Unless I missed something, in his subsequent posts I don't see where Boyd solves the problem he posed for himself.
Evangelicals typically ground the credibility of their faith on the inspiration of the Bible. If they were to become convinced that the Bible was not inspired, their faith would crumble. I think this posture is as unwise as it is unnecessary.
There are nominal Christians who don't believe Christianity is a revealed religion, yet they still go to church, sing hymns, participate in the church calendar. It's play-acting.
If the reason you believe is anchored in your confidence that Scripture is “God-breathed,” then your faith can’t help but be threatened every time you encounter a discrepancy, an archeological problem, or a persuasive historical-critical argument that a portion of the biblical narrative may not be historically accurate. Your faith may also be threatened every time you encounter material that is hard to accept as “God-breathed” — the genocidal portrait of Yahweh I discussed in my previous blog, for example.
That only follows if you think there's a standing presumption against the inspiration of Scripture which Scripture must constantly overcome.
When biblical inspiration is made this important, people are forced to go to extreme and sometimes even silly lengths to explain each and every one of the “encyclopedia” of “difficulties” one finds in Scripture (I’m alluding Gleason Archer’s apologetic book, New International Encyclopedia of Bible Difficulties).
i) To begin with, I don't that's fair to Archer. His book is uneven. He was an OT scholar, so he's better on the OT than the NT. And some of his explanations are flat-footed. But there's a lot of good material in his book. It's a useful resource.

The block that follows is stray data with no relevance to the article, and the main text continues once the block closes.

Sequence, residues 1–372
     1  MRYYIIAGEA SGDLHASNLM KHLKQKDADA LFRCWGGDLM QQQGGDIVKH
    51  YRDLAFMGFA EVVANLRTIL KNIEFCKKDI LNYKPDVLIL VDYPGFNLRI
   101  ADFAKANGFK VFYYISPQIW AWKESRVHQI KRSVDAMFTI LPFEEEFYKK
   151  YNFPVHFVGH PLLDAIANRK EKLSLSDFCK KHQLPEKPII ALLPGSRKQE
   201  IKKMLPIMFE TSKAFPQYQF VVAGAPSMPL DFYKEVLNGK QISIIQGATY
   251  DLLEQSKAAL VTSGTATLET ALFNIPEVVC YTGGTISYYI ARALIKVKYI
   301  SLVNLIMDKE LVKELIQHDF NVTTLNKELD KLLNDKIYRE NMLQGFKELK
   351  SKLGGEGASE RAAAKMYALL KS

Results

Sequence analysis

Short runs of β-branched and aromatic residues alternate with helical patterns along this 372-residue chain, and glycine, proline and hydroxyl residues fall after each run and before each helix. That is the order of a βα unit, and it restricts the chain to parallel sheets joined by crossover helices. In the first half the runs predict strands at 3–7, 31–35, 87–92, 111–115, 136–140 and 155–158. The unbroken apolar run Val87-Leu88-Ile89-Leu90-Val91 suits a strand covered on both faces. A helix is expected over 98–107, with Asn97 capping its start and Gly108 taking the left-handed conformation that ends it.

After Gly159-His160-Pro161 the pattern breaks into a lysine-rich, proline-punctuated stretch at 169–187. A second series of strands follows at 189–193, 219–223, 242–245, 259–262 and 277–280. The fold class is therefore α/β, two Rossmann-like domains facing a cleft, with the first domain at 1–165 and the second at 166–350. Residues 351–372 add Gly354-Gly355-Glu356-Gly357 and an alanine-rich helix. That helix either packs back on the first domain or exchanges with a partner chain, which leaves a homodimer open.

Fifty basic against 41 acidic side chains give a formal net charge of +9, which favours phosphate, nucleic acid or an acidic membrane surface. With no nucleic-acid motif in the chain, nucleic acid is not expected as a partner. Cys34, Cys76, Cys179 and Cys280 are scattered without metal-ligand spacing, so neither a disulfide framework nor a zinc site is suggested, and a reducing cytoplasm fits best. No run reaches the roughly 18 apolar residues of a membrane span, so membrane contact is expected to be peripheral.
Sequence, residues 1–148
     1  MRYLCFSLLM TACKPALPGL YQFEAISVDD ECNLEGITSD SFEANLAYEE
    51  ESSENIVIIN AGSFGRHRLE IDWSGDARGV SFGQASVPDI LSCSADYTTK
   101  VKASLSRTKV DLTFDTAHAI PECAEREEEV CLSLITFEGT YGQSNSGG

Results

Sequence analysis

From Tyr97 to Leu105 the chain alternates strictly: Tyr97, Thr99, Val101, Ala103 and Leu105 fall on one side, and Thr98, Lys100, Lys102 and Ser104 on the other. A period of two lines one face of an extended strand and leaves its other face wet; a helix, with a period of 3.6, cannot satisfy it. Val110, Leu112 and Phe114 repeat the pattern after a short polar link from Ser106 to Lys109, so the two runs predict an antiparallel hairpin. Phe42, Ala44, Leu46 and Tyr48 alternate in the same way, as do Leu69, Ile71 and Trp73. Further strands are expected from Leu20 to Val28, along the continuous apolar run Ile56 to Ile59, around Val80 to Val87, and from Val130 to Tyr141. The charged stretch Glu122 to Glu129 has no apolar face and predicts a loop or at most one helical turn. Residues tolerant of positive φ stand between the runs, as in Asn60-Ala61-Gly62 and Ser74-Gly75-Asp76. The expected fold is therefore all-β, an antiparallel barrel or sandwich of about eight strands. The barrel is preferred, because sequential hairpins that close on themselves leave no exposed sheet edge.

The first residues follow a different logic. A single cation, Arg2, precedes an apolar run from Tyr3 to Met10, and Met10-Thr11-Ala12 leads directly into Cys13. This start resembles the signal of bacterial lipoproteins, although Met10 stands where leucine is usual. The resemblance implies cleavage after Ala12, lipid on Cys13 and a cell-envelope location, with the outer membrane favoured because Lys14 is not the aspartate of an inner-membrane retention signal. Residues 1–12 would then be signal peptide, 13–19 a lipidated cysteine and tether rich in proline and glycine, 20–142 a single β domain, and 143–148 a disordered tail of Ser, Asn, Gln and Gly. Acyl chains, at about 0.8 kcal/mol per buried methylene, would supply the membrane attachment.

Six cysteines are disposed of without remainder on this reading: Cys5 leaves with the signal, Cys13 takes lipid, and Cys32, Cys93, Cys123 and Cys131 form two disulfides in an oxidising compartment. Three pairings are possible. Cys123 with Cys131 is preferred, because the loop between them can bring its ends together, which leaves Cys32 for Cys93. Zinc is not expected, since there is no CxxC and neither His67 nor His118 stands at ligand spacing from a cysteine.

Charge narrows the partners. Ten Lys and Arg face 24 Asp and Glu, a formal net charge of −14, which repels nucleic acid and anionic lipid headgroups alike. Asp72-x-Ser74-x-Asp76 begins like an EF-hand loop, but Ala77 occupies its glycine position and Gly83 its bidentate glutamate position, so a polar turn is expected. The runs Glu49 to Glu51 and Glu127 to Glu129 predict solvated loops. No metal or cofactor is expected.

ii) There are, moreover, more hermeneutically sophisticated defenders of inerrancy than Archer, viz. Beale, Bock, Blomberg, Carson, Stein.
iii) It isn't necessary to explain every difficulty in Scripture. Given the historical distance between the modern reader and Scripture, we'd expect difficulties to crop up. But that's consistent with the inerrancy of Scripture.
iv) Finally, denying the inspiration of Scripture leads to superficial exegesis. Every time you run into a problem, you conclude the Bible is wrong, and move on. Your first impression carries the day. You already know it must be a mistake. You've prejudged the interpretation before you even read the text.
As has happened to so many others, throughout my seminary training this foundation became increasingly shaky and eventually collapsed. I know a number of former-evangelicals who completely lost their faith when they experienced this. One is Bart Ehrman, who I’m sure many of you recognize as one of Christianity’s most well-known contemporary critics. He and I were in the doctoral program at Princeton Seminary at the same time, and we fell through our crumbling Scriptural foundation at roughly the same time and for many of the same reasons.
It's a useful winnowing process. It weeds out nominal Christians. Better to have a tested faith than an untested faith.
I have a lot of reasons for believing in Christ, but the inspiration of Scripture is not one of them. I don’t deny that there are a handful of fulfilled prophecies about the coming Messiah that are rather compelling (e.g. the suffering servant of Isa. 53 and the pierced Lord of Zech. 12:10). But I also think evangelical apologists are misguided when they try to use this as the rational foundation for the Christian faith. When Gospel authors say Jesus “fulfilled” an OT verse, they don’t mean that the OT verse predicted something that Jesus did or that happened to Jesus. If you check out the OT verses Jesus is said to have “fulfilled,” you’ll find there is absolutely nothing predictive about them. The Gospel authors are rather using a version of an ancient Jewish interpretive strategy called “midrash” to simply communicate that something in the life of Jesus parallels and illustrates a point made in an OT verse.
In any event, if the intellectual credibility of your faith is leveraged on the prophecies that Jesus is said to have “fulfilled,” I’m afraid your faith will be literally incredible.
That's a common allegation. It says a lot about Boyd, and little about Scripture. There are several fine monographs on Bible prophecy. How the OT is fulfilled in the NT. Many good commentaries address these.